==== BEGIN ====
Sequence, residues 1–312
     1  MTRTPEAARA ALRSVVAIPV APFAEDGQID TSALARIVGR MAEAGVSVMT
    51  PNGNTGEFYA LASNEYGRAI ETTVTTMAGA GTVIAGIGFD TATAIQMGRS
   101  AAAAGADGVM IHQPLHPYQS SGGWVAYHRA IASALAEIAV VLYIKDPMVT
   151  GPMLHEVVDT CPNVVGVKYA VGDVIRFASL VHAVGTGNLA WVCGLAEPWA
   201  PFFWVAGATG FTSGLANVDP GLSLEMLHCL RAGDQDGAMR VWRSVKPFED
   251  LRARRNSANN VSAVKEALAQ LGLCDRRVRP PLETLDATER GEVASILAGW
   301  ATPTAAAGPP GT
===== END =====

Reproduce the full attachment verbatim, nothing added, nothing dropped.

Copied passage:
Sequence, residues 1–312
     1  MTRTPEAARA ALRSVVAIPV APFAEDGQID TSALARIVGR MAEAGVSVMT
    51  PNGNTGEFYA LASNEYGRAI ETTVTTMAGA GTVIAGIGFD TATAIQMGRS
   101  AAAAGADGVM IHQPLHPYQS SGGWVAYHRA IASALAEIAV VLYIKDPMVT
   151  GPMLHEVVDT CPNVVGVKYA VGDVIRFASL VHAVGTGNLA WVCGLAEPWA
   201  PFFWVAGATG FTSGLANVDP GLSLEMLHCL RAGDQDGAMR VWRSVKPFED
   251  LRARRNSANN VSAVKEALAQ LGLCDRRVRP PLETLDATER GEVASILAGW
   301  ATPTAAAGPP GT